War reparation demands still legally active

ANA/MPA – President of the Hellenic Republic Prokopis Pavlopoulos on Sunday referred at length to the issue of German war reparations and a forced occupation loan demanded by the Nazi administration, during his speech at an event in the town of Kalavryta, a scene of war-time atrocities in WWII. He noted that Greece ‘s demands were still “legally active and pursuable through the courts” and had on no account been written off.

“The rights of the victims of the German occupation army are a mission that serves not only the national rights of Greeks but also the culture and law and order in the European Union. Consequently in Germany itself,” he noted in a speech on the anniversary of the Kalavryta massacre.

700 civilians were killed during the German  reprisals  Kalavryta. Twenty-eight communities—towns, villages, monasteries and settlements—were destroyed. In Kalavryta itself about 1,000 houses were looted and burned and more than 2,000 livestock seized by the Germans.

After attending an event at the Paleologina manor house president  Pavlopoulos  send the message that “We do not forget. Never again.” He emphasized, however, that this message did not contain feelings of revenge but, on the contrary, was an obligation to the memory of the victims to seek unfailing implementation of the international law, as a fundamental sign that law and legality will eventually generally prevail.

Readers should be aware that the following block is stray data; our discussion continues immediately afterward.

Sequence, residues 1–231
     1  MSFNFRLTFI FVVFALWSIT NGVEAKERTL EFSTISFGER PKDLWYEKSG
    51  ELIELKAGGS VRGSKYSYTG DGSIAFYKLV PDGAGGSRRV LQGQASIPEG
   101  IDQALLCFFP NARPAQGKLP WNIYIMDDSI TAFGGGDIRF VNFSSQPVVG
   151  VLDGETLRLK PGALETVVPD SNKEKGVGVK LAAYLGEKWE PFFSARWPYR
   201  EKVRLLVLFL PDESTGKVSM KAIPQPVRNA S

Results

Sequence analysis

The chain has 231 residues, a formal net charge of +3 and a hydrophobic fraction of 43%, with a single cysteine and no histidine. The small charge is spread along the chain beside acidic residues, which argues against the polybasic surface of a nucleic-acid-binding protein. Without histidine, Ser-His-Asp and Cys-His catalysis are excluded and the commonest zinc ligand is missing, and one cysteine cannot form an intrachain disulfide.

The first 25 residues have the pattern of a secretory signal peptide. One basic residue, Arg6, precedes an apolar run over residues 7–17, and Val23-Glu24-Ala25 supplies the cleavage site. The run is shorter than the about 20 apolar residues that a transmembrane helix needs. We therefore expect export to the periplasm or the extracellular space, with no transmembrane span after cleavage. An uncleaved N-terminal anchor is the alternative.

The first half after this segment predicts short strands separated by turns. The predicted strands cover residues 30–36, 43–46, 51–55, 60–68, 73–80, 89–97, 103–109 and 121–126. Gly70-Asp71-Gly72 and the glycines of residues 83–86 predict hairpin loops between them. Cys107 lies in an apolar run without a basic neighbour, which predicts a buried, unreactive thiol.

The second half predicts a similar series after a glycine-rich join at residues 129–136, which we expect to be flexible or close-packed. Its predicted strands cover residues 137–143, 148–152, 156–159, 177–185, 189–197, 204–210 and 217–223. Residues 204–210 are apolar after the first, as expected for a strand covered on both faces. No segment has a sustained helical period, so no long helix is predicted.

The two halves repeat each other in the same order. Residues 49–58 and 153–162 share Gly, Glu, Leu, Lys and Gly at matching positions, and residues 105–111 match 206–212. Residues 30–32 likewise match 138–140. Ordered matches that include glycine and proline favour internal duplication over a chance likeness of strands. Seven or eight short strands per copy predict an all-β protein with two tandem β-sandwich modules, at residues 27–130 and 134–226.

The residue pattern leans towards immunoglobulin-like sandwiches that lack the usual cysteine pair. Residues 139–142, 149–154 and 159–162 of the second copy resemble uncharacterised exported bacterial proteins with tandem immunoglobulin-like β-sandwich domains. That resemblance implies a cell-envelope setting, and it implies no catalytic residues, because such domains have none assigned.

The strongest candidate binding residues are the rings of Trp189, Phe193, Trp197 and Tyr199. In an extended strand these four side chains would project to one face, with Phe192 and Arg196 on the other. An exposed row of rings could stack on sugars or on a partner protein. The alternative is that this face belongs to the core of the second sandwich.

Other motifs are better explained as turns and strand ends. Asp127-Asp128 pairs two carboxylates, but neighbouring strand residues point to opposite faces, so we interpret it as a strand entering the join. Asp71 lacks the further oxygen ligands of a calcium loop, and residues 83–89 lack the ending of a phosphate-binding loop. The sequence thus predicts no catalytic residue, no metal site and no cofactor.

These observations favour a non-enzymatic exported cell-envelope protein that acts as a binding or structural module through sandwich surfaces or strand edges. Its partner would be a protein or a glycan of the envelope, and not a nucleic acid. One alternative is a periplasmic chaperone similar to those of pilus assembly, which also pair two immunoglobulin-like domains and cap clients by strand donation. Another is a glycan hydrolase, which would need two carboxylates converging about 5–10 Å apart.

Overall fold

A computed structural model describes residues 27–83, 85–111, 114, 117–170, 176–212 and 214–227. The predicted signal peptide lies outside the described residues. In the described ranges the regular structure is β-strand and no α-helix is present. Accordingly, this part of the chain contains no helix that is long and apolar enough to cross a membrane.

Speaking in the presence of the German Ambassador to Greece Peter Schoof, Pavlopoulos said that it was a historic fact now also admitted by Germany, that the slaughter and destruction in Kalavryta on December 13, 1943 is the greatest and most odious war crime committed in Greece by the German occupation army in WWII.

He noted that Greece’s demands for repayment of the occupation loan and compensation to the victims of German occupation troops were “legally active and pursuable through the courts” and that neither had been written off, while having a firm basis in international law and the Hague Treaty of 1907.

On the second half of his message, Pavlopoulos said that Greece sent from atrocity-stricken Kalavryta a warning “urbi et orbi” that “we all have a duty to learn from the Kalavryta Holocaust” at a time when jihadist terror and criminal action “demands that we keep our awareness alert.

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